Wednesday, April 7, 2010

The Ice Bath and What it Means to Contemporary Triathlon Culture

"Everyone trains like a pro—recovering like a pro is what's hard, especially if you've got, you know, a job." —Somebody, probably someone who coaches.

I've been getting friendly with ice recently, as I try to recover from Achilles tendonitis on my way to IM St George (tick, tick, tick...). The thing is, as usual, is that research on this therapy (it goes by "cryotherapry" in the SAT Vocab World) is wildly inconclusive. Also as usual, athletes everywhere give anecdotal support to this kind of therapy, resulting in a kind of Pavlovian Informational Cascade ("Cascades predict that you can get massive social imitation, occasionally leading everyone (the "herd") to the incorrect choice. (Because everyone knows that there is very little information in a cascade, cascades are "fragile"; a little bit of new public information can make a big difference)."). Of course, individual experience with one kind of therapeutic treatment is the worst kind of "scientific" evidence (I put scientific in quotes, because individual experience is anathema to science).

Triathlon suffers badly from this kind of informational cascade, in which people make decisions based on the decisions of others, rather than their own instincts, beliefs, and observations. Athletic and cycling companies thrive on this kind of susceptibility, and I'm obviously taking part, with a row of sponsors just to the right of this post. Triathletes (who mostly come to the sport from recreational athletic backgrounds) often don't know what they're up to in terms of training, racing, and preparation, and it's not their fault. The internet has allowed a cacophony of opinion to blast upon all our ears, and the opinions are often differing or contradictory. The only thing triathletes are left to do is to choose which person they'll follow, and those decisions are based on the kind of subjective information with which we judge and root for sports teams (sense of shared identity, aesthetics, good-boy/bad-boy attitude, and what kind of success). Since athletic accomplishment is important to the triathlon community, athletes adhere passionately to the leaders they choose to follow—a brief perusal of the incendiary opinions on Slowtwitch will show the vitriol triathletes reserve for those who do not agree with their perspectives.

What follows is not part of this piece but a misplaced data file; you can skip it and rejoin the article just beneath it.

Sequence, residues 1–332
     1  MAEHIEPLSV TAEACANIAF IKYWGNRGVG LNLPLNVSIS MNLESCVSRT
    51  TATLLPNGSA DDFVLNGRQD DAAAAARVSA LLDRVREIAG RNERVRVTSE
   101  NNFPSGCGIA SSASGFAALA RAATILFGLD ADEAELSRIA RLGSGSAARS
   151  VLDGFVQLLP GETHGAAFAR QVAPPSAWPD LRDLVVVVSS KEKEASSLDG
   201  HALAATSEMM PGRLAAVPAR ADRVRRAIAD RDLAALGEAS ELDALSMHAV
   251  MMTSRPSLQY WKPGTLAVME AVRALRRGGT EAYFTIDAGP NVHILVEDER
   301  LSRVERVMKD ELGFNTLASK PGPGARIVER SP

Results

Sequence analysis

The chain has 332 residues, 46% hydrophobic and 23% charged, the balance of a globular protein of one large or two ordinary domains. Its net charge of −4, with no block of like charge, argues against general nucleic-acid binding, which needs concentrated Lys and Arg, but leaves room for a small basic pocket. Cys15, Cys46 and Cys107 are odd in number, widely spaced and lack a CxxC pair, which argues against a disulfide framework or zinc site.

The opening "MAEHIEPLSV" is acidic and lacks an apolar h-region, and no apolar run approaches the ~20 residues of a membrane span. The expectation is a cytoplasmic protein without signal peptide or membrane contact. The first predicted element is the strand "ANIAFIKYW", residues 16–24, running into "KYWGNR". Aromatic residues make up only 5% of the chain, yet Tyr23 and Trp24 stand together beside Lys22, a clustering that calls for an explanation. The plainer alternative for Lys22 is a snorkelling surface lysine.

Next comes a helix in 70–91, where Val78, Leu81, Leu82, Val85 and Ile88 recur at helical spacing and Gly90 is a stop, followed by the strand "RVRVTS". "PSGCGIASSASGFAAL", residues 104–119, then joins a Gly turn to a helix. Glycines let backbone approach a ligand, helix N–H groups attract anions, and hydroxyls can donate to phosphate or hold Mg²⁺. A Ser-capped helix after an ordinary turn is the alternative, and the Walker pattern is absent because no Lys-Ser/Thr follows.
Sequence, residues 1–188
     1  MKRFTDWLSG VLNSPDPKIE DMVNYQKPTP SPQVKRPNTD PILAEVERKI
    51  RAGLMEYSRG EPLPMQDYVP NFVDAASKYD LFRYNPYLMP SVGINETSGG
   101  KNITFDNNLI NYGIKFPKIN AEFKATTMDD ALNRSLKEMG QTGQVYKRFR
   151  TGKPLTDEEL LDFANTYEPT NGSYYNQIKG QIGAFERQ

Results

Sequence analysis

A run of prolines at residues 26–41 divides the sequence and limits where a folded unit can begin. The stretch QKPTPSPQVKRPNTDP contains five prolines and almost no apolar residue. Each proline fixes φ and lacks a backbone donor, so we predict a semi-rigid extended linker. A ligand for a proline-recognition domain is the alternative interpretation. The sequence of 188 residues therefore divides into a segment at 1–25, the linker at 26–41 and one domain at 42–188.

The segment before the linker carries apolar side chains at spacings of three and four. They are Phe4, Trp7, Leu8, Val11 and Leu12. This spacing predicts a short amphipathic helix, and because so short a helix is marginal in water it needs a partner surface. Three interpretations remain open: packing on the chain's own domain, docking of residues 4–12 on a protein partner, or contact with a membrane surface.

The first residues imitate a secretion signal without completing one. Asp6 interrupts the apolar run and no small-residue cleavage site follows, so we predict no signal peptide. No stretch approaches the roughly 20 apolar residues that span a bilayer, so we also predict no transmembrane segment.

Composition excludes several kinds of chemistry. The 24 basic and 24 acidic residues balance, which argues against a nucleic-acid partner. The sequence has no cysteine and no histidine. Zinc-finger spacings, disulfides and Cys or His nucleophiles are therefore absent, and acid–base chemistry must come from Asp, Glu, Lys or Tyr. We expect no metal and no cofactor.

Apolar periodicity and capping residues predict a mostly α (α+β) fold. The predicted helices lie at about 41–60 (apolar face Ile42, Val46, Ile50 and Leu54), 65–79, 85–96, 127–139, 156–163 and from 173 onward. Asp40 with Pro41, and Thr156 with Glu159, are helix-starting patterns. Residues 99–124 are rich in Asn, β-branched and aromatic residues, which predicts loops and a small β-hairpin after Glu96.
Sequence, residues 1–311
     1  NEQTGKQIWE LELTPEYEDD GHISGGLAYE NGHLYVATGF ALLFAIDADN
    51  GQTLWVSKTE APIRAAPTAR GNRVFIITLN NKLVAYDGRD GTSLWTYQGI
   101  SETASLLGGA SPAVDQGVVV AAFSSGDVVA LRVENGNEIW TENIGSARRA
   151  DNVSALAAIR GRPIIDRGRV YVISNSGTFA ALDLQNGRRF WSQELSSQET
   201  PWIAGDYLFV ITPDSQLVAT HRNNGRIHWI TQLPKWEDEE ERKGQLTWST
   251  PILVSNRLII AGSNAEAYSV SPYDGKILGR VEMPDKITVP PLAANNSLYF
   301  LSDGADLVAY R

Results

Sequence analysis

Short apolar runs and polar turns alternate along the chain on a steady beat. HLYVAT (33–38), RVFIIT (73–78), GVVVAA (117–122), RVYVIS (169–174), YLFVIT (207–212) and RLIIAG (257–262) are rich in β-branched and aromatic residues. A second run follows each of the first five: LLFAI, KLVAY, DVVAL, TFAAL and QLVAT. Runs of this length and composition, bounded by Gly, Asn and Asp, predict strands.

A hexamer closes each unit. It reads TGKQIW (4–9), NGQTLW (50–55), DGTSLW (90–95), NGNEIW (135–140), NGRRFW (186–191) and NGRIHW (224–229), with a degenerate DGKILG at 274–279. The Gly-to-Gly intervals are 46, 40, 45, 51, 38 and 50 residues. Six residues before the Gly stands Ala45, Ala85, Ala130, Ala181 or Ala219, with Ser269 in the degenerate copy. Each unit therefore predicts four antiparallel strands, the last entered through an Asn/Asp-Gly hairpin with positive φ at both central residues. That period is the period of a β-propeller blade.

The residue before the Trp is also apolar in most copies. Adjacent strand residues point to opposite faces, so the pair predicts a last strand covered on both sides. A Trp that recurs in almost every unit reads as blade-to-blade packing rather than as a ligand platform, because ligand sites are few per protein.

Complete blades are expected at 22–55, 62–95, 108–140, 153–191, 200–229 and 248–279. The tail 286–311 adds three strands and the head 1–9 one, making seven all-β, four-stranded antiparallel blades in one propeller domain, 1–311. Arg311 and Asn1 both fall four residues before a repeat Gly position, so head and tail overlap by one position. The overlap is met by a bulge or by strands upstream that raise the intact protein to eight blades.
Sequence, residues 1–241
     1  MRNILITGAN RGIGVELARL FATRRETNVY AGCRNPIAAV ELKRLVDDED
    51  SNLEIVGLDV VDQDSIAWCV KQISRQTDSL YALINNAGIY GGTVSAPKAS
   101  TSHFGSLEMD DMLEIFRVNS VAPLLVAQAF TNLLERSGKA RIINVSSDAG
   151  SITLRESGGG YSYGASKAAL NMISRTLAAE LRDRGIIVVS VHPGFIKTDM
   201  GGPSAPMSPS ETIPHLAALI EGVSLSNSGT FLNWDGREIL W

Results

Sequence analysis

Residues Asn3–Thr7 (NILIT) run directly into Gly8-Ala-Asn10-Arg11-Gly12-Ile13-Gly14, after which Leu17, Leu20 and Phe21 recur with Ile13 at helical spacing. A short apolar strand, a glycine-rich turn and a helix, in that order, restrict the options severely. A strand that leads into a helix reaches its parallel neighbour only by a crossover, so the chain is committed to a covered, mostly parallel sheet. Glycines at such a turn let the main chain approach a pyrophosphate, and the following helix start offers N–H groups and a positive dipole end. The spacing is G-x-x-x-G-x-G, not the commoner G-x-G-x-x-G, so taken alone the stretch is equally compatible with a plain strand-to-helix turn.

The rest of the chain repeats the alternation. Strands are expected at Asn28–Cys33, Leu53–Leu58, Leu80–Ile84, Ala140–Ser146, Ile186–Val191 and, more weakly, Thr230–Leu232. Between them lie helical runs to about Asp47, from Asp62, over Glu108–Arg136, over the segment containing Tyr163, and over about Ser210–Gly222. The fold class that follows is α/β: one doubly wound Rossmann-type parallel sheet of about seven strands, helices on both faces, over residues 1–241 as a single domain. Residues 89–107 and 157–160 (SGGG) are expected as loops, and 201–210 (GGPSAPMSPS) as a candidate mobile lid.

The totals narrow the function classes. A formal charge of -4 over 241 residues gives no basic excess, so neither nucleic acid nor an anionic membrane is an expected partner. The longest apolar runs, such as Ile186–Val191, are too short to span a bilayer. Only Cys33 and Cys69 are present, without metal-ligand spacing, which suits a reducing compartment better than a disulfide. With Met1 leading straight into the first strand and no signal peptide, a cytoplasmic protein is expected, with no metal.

The Ice Bath is one of those subjects. Dig around out there and you'll find a host of anecdotal support for the process. Dig a little farther and you'll find studies that are pretty inconclusive on the efficacy of the ice bath. Here's a little digest of studies that may help you make a decision:

Sports Training Blog—"Cold water immersion or an ice bath may be an effective treatment to decrease skin, muscle and core temperatures, decrease metabolism, reduce inflammation, enhance blood flow, decrease pain and reduce muscle spasm...Performance in a time trial on successive days (over a 5 day study) was reduced with passive recovery and hot water immersion and maintained with cold/contrast therapy."

SpeedEndurance—Concludes that ice baths are inconclusive, and that you're best off going with how you feel the next day.

SportsMedicine on About.Com—Points out that for aerobic work ice baths may help, but may hurt weight training performance.

RunningTimes—Anecdotal support for the therapy plus the theory behind it.

Scottish Institute of Sport—Study that warns against the use of ice baths (mostly in a rugby/weight training context).

Clinical Sports Medicine—Digest on recovery procedures. Points out that there has been little clinical support for positive effects of ice baths.

Peak Performance—Discussion of different types of hydrotherapy. Points out that hot water can be beneficial, too.

Time to decide for yourself.

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